Prior to the release of GE Capital’s statement that it would be more critical on new lending deals, Trey Brown, a senior managing director and commercial leader at GE Capital Solutions, Franchise Finance, said “proven and results-based operators” would continue to garner financing.

“It is a less predictable financing market—it’s really week to week,” he said. “There is a flight to quality and the best operators in the best markets and with proven metrics will rise to the top, and that by definition will shelve other deals.”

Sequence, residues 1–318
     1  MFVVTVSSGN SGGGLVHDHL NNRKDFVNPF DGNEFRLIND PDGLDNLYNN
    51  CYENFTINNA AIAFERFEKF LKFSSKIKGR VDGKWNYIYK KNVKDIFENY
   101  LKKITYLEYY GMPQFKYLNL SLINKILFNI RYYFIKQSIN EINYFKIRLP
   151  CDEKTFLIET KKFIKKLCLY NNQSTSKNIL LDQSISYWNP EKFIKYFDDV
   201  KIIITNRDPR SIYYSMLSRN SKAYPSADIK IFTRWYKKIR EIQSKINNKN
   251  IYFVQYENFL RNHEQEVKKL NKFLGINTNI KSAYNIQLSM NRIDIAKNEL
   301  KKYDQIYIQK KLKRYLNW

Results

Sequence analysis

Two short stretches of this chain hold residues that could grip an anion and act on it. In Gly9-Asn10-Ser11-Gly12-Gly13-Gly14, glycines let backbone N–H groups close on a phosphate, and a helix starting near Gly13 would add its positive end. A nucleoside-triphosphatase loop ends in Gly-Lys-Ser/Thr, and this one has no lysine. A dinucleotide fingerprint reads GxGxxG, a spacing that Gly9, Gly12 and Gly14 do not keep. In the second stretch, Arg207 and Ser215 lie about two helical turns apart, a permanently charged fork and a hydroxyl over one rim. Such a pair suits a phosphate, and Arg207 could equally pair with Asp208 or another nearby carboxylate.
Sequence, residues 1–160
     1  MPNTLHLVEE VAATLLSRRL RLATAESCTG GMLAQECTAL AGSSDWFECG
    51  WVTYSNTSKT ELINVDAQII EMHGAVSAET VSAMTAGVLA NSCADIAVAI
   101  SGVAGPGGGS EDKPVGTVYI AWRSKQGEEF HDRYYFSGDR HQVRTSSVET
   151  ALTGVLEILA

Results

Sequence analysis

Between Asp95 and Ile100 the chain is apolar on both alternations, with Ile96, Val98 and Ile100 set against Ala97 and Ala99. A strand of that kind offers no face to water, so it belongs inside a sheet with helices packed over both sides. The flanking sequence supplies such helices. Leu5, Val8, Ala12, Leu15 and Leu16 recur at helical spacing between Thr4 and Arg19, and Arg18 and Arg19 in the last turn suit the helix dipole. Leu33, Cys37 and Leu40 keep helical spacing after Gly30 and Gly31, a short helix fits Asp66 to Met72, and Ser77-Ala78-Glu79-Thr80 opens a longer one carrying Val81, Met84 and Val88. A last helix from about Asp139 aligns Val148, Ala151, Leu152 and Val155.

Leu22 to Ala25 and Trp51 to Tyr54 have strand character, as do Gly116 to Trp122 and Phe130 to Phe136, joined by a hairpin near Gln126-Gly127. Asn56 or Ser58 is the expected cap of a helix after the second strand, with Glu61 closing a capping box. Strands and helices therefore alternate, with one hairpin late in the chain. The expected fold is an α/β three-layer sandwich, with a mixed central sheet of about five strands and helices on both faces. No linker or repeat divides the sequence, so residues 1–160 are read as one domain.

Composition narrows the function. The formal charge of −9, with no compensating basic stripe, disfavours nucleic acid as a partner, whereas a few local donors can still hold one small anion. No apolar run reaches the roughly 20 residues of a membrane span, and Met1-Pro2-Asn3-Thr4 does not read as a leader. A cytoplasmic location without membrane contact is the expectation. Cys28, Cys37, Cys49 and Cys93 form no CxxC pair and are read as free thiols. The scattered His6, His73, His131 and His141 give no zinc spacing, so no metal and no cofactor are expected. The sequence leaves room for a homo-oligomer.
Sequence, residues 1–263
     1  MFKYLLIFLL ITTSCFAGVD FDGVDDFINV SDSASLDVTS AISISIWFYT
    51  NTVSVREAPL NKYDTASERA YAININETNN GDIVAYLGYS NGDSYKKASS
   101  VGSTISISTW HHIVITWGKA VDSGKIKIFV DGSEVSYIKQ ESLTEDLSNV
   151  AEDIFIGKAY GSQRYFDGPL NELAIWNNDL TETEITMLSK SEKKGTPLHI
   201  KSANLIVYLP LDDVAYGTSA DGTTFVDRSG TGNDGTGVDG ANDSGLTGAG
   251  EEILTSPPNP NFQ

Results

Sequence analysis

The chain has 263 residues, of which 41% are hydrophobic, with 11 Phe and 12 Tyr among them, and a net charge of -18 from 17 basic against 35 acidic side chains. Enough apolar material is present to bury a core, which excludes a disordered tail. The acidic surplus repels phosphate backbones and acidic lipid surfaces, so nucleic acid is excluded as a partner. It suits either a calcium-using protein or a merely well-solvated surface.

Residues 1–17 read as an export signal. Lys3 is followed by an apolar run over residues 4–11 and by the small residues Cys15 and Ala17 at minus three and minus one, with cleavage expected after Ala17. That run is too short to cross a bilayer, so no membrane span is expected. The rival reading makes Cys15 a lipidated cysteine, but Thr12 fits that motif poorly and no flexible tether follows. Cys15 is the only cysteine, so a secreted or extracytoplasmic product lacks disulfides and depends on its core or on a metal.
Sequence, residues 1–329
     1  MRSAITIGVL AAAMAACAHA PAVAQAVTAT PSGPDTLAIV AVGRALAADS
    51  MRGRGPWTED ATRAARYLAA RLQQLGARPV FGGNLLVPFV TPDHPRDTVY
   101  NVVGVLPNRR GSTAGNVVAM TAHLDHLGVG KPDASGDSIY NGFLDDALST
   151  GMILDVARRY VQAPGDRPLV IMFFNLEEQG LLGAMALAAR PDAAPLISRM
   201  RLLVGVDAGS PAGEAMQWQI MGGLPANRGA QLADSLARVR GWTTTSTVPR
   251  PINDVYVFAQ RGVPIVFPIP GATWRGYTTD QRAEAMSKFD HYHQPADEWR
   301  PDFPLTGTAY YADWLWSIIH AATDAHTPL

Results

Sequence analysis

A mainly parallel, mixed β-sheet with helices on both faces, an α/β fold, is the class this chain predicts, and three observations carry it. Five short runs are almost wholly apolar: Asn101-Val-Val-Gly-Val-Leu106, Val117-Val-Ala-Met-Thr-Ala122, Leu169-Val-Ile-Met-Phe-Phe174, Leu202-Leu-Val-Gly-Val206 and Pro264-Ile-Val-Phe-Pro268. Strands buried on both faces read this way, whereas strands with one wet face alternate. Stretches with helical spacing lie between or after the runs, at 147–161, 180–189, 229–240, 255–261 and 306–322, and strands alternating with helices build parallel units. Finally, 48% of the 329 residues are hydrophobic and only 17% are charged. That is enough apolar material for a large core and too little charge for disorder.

Nick Cole, executive vice president at Wells Fargo Commercial Capital, said smaller transactions that require just one bank would close, even in today’s environment.

“Folks that are overleveraged, that are having a tougher time with trends, that don’t own real estate, they have less of a chance today to find someone [a lender] who will stretch for them,” he said. “On the franchisee side, where the business is stable—pressured, yes, but still stable—those operators are still able to access capital in reasonable sizes.”

Hide comments


  • Allowed HTML tags: <em> <strong> <blockquote> <br> <p>

Plain text

  • No HTML tags allowed.
  • Web page addresses and e-mail addresses turn into links automatically.
  • Lines and paragraphs break automatically.